November 22, 2007

So much for writing more frequently! Our transition to our winter garden has been underway for several weeks, and has (and still is) been demanding of our time. But lately, my attention has been on turkeys, not too surprising for this time of year. It all began about 5 weeks ago, when we found one of our hens with one of the worst injuries I have ever seen on a bird. Some predator had attacked, and taken a chunk out of her side about the size of the cut surface of a large grapefruit. Still not sure why, but we decided to try to fix it. It took a solid hour of two people, with the bird in the bathtub, irrigating the wound to clean it and remove the hundreds of….life forms….(think larval-stage-of-housefly……the “m” word……) that were roiling through. The grotesque little life forms probably saved her, since however vile they may be, they clean wounds of infected and dead tissue. Then, an entire tube of triple-antibiotic ointment was slathered into, onto, all over, every part of the injury. The ointment was reapplied as often as needed to keep the area good and greased up. 5 weeks later, the bird was healed, although she’ll never have feathers in that spot again. Next, it was time to clean the bathroom. No magazine has the kind of housecleaning tips I need. What’s the secret to removing dried persimmon and glued on turkey droppings from bathtub walls? (apparently, about an hour of scrubbing with warm water). When we moved here, I really had no idea that our bathtub would be used for just about everything except baths.

And, today is Thanksgiving. We went through our turkey sales gauntlet again, and it was a lot of hard work, but about 500% better than last year! We sold out, and had more customers than the year before. We have really improved our processing, and did 14 birds last Sunday with the help of some friends. The birds for the most part turned out very nice. We are still on a learning curve to avoid tears in the skin…this is a function of scalding bath temperature and how finicky the automatic plucker is at any given moment…but everyone received a bird that looked closer to ideal than we managed the year previous! We also had the experience of actually getting to meet most of our customers this year, which leads me into my latest preoccupation. Yesterday, I finally had time to read the latest newsletter from the American Livestock Breeds Conservancy (ALBC). This is an organization we belong to, which works to prevent the disappearance of our nation’s imperiled ancestral breeds. This edition contained the data from the 2006 heritage turkey census, and for me, it was just shocking. I found out that one of the breeds we have, the Beltsville Small White, had a census population of 138. I called ALBC, because I wanted to ask if the number referred to the number of breeders or flocks. No, that was the number of BIRDS. We raise an animal that is so endangered that fewer than 150 known birds are in the hands of private individuals in the entire United States of America. That’s a pretty sobering thought. It’s a choice to take on a big responsibility when conserving these breeds, but I had no idea of the exact situation we were in. It means for us, that we will be focusing much more on the flock that we have, and doing as much as we can to get these birds in the hands of other breeders. Three of these birds were butchered for meat this year. Two hens were selected out because of non-standard body weight and behavioral problems, and one surplus tom was sold to a client. Unfortunately, this excluded the other tom we had that could not be sold because he killed himself by drowning in a mud puddle two inches deep (they’re still stupid, endangered or not!) Out of all the birds we processed, these were hands down the most attractive, well-proportioned birds. They look like mini-turkeys of the grocery store variety. So, while it’s not quite the same as the last 150 Bengal tigers, any animal on the verge of oblivion that needs extra help should get it. And, we send a sincere thanks to our turkey customers, whose support is so essential to the success of our conservation efforts.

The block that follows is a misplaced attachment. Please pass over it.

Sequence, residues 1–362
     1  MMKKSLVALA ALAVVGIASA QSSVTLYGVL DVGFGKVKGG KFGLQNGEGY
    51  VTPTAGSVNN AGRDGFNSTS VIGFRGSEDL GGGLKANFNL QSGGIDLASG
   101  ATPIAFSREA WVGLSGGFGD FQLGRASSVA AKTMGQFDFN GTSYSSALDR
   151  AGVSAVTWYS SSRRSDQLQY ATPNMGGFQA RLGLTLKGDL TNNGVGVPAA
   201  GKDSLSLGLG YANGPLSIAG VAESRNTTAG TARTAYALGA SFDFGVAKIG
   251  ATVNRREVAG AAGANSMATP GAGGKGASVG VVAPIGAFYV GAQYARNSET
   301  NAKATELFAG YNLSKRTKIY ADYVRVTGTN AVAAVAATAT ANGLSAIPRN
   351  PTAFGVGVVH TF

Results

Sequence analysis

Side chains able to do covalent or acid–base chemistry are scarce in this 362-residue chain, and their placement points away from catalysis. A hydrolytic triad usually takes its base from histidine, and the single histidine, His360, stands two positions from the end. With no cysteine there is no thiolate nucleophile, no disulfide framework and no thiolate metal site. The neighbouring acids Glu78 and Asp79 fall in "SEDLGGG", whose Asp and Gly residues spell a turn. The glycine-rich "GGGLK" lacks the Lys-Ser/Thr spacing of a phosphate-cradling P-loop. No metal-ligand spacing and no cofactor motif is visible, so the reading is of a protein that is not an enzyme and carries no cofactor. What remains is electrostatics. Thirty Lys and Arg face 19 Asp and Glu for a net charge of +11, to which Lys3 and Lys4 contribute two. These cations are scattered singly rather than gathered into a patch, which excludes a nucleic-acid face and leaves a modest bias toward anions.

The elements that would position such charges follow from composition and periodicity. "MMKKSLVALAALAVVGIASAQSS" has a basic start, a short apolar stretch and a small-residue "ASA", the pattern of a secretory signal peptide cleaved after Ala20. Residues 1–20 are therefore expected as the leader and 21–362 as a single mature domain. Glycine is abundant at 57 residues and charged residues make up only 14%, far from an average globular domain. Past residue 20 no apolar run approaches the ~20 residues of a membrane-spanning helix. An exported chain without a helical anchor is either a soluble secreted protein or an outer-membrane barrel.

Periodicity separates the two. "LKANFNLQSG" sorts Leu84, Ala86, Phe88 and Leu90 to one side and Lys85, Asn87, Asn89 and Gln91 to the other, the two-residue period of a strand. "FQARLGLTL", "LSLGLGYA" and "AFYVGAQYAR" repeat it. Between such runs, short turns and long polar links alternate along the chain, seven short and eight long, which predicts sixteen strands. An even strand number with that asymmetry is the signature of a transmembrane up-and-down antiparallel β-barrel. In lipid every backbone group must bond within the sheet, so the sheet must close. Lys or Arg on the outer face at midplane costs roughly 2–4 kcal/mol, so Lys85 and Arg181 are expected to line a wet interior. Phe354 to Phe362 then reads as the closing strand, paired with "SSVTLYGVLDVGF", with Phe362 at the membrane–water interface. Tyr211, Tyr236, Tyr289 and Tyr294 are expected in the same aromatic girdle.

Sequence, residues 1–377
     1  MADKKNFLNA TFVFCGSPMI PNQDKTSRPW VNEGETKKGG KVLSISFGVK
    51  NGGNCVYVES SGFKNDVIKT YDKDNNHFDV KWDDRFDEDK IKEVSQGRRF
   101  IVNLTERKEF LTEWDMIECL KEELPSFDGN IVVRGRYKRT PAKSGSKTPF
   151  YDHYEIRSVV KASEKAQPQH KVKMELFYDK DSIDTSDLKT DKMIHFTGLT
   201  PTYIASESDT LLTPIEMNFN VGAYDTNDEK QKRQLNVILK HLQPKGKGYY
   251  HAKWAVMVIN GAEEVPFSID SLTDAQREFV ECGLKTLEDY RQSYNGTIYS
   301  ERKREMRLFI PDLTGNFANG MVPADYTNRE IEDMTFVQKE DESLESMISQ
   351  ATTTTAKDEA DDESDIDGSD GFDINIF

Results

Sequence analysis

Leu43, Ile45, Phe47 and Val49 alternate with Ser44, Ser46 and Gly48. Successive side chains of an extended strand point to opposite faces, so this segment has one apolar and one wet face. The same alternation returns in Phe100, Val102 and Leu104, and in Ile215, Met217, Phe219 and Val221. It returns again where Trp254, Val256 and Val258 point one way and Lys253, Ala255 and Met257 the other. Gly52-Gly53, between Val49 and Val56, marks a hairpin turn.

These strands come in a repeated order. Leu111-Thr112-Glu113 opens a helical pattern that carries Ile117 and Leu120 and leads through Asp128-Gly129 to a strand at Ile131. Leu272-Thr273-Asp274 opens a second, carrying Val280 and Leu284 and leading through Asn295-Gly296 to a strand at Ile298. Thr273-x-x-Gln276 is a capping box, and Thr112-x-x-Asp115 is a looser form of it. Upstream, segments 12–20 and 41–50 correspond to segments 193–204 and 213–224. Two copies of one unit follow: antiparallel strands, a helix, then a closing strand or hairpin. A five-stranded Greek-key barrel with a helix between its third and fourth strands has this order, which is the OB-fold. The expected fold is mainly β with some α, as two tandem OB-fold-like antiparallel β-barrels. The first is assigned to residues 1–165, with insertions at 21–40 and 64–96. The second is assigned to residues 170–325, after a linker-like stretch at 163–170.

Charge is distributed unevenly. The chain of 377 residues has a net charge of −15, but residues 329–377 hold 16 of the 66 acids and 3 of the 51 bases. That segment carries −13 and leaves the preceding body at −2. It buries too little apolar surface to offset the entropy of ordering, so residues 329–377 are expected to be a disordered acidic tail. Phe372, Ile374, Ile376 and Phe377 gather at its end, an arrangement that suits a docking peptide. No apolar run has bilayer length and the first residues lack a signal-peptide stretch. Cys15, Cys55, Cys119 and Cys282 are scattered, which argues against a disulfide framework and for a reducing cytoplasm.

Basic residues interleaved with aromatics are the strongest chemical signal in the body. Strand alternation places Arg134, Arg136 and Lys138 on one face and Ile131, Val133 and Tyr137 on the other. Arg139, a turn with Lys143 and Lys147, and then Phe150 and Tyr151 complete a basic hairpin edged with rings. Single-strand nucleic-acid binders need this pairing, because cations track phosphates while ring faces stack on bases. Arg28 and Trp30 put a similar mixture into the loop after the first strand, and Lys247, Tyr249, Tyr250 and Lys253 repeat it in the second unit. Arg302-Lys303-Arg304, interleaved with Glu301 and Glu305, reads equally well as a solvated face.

Today it’s a nasty, icy north wind, and a great day to be in the greenhouse. We eat our holiday dinner tomorrow. Enjoy yours, whatever day you eat it 🙂

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